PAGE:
This is of a piece with the church’s other decisions consistently valuing obedience to dogma above human lives and well-being, such as their well-known stance that they’d rather see children go homeless than place them with loving, stable same-sex parents, and that they’d rather see Africans die of AIDS than encourage them to use condoms. Their contempt for women’s lives – treating them as disposable baby-making machines, to be discarded when worn out or defective – is a continuation of this.

But in the end, however much the bishop may sputter and stamp his feet, the wicked and heartless church lost and the good guys won. There are four children who still have their mother because human rights and rationality prevailed over this petty medieval principality. If the bishop wants to withdraw his endorsement from this hospital for saving a woman’s life, then I’m glad: it only underscores the point of how useless and irrelevant the Catholic hierarchy has become. It makes no difference to the hospital’s continued ability to restore health and save lives.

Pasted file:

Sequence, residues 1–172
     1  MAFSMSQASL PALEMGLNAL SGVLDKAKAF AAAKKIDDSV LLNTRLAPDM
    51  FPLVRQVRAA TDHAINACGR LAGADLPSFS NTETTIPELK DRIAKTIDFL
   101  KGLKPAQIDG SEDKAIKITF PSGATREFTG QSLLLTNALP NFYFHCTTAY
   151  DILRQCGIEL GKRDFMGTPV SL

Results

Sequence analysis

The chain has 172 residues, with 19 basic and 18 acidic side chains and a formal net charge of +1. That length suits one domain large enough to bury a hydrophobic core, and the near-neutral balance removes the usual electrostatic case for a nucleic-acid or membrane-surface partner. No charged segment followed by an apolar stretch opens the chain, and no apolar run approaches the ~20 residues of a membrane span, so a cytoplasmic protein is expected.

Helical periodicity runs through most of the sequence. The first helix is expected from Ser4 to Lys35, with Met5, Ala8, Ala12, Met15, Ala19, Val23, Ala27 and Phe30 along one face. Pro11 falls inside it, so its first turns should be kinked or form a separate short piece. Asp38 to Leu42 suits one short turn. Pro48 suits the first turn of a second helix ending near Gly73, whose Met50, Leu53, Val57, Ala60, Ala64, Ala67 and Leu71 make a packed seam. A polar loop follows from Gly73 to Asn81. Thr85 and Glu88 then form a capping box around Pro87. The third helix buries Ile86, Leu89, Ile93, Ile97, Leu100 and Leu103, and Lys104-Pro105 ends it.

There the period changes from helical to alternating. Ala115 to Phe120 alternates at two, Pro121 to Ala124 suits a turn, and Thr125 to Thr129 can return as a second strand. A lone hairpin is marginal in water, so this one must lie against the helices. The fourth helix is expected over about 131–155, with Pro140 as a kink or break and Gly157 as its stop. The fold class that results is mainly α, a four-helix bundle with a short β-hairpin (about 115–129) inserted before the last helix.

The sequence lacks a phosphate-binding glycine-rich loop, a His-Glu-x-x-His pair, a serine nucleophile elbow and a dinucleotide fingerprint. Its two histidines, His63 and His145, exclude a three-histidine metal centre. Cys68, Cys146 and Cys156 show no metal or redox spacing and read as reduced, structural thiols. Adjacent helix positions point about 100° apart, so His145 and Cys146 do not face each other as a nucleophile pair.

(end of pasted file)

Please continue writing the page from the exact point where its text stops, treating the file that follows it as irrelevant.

There are Catholic individuals, like Margaret McBride, who are people of courage and conscience, who run schools, hospitals and other important and necessary institutions. But for the most part, their views are more progressive than the pompous, tyrannical old men who run the church. Nearly every moral advance that’s been helped along by Catholic laypeople has been made in direct defiance of the hierarchy, and as the church shrinks and grows even more conservative, this will probably become all the more true.

About Adam Lee

Adam Lee is an atheist writer and speaker living in New York City. His new novel, Broken Ring, is available in paperback and e-book. Read his full bio, or follow him on Twitter.